Hyundai has unveiled a hydrogen fuel cell truck and trailer combination at the North American Commercial Vehicle Show in Atlanta, flagging a future entry into the US heavy commercial vehicle market for the Korean automotive giant.
Hyundai displayed its HDC-6 Neptune Concept Class 8 heavy-duty which uses fuel cell technology developed for its Tucson and Nexo passenger cars and it further underlines. Hydrogen’s future as the power source for commercial vehicles of the future.
Hyundai’s trailer operation, Hyundai Translead was also a part of the unveiling, showing a clean energy refrigerated concept trailer.
The Korean automaker said the prime mover-trailer combination shows how it believes clean cargo transport will develop in the future.
“Fuel cells are an excellent technology for heavy-duty trucks because they can provide a longer driving range, higher payload and less refuelling time than a battery-electric long haul truck,” said a Hyundai spokesperson.
Hyundai’s Neptune Concept revealed in Atlanta has a retro look with its styling reminiscent of art deco streamliner locomotives from the mid 20th century.
Hyundai says its Neptune concept represents the same sort of technological advance just as those locomotives did back in the 1930s, however the Hyundai concept is really only a mock-up at this stage and the company gave no indication of when it might be produced.
“The fuel cell powertrain gave us the opportunity to redefine the classical typology and architecture of the truck,” said Luc Donckerwolke, chief design officer of Hyundai Motor Group.
“The Hyundai Commercial Vehicles Design Team started with a white sheet of paper focusing on the new defined functionality resetting all standards in order to project commercial vehicles in the future.”
But Hyundai also said it also based its styling on function with the fuel cell stack, which generates electricity from a chemical reaction with the hydrogen requiring substantial cooling.
The grille of the Neptune takes up nearly the entire front of the truck to ensure airflow with the grill doubling as retractable steps to deliver the best possible aerodynamics and practicality.
To ensure the best aero package the truck also has no door handles while camera mirrors are used replacing conventional external glass mirrors, similar to Mercedes Benz which has already launched the concept on road going trucks.
The kicker is that Hyundai says that while there is room for up to eight hydrogen tanks, the fact is the company currently doesn’t have a fuel cell stack large enough to power a US spec 36 tonne (80,000lb) semi trailer on long haul routes, however it says it is working on larger fuel cells.
“HDC-6 Neptune, the concept for the next-generation fuel-cell electric truck, embodies Hyundai Motor’s vision of mobility for a global hydrogen society, innovatively developed applying Hyundai designers’ creativity and the company’s advanced technology,” said SangYup Lee, who heads the Hyundai Design Center.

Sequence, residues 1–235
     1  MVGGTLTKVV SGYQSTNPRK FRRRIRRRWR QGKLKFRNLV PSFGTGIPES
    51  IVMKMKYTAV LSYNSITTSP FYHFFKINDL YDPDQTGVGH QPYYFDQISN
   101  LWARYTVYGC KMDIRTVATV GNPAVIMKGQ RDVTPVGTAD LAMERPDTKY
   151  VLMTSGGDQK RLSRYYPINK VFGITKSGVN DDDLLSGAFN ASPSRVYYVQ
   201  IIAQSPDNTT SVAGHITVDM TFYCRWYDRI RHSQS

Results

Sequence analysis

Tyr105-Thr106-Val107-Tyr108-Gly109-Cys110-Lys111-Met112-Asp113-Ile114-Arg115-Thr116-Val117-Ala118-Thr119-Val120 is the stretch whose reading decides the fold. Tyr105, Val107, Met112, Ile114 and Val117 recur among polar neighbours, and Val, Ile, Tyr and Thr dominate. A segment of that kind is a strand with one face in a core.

Hyundai says it also sees improvements in trailer technology can also reduce greenhouse gas emissions and claims to be one of the first manufacturers in North America to introduce a cryogenic nitrogen refrigeration technology trailer system.
Hyundai says it developed the refrigerated trailer concept in cooperation with industrial gas producer Air Liquide.
The company claims the advanced trailer would produce a carbon footprint up to 90 percent less than a conventional refrigerated trailer.
It cools cargo more quickly than a traditional refrigeration unit and it offers precise control of target temperatures, while the control system and independent cooling power maximise thermal efficiency.
Hyundai claims that outside temperatures won’t affect the trailer and that maximum power is always available even when the truck’s engine is off or idling and the trailer also produces less noise than a conventional trailer making it useful for night-time deliveries in urban and suburban neighborhoods where noise can be a problem.
“This refrigerated trailer concept represents a significant advancement in our continued commitment to corporate social responsibility,” said Bongjae Lee, chief executive of Hyundai Translead.”
The Hyundai announcement backs up the announcement by Daimler chairman Martin Daub that the German giant is also pursuing a hydrogen futue and the unveiling of its Fuso hydrogen concept truck at the Tokyo Show this week.
Kenworth and Toyota as well as significant start up Nikola ( which Iveco now has a stake in) are all also developing hydrogen fuel cell heavy-duty trucks for the U.S. and global markets.
Kenworth is collaborating with Toyota building trucks in a project funded partially by the state’s environmental regulatory agency for use in shipping ports in Southern California with the first trucks due to start work this year.
Like electric trucks the take up of hydrogen fuel cell trucks could be limited by a alcak of infrastructure. Nikola plans to build its own network of hydrogen production and fuelling sites while Hyundai says it will be working with other companies to help developcommercial vehicle hydrogen infrastructure.